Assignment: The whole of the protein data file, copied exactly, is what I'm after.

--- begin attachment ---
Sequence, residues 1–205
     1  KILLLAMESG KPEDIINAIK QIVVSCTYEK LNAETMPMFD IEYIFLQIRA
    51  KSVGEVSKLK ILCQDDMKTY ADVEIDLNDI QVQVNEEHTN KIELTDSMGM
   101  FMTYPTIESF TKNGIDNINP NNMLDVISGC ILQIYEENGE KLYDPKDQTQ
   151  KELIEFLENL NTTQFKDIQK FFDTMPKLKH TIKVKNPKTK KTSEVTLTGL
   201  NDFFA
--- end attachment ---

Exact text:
Sequence, residues 1–205
     1  KILLLAMESG KPEDIINAIK QIVVSCTYEK LNAETMPMFD IEYIFLQIRA
    51  KSVGEVSKLK ILCQDDMKTY ADVEIDLNDI QVQVNEEHTN KIELTDSMGM
   101  FMTYPTIESF TKNGIDNINP NNMLDVISGC ILQIYEENGE KLYDPKDQTQ
   151  KELIEFLENL NTTQFKDIQK FFDTMPKLKH TIKVKNPKTK KTSEVTLTGL
   201  NDFFA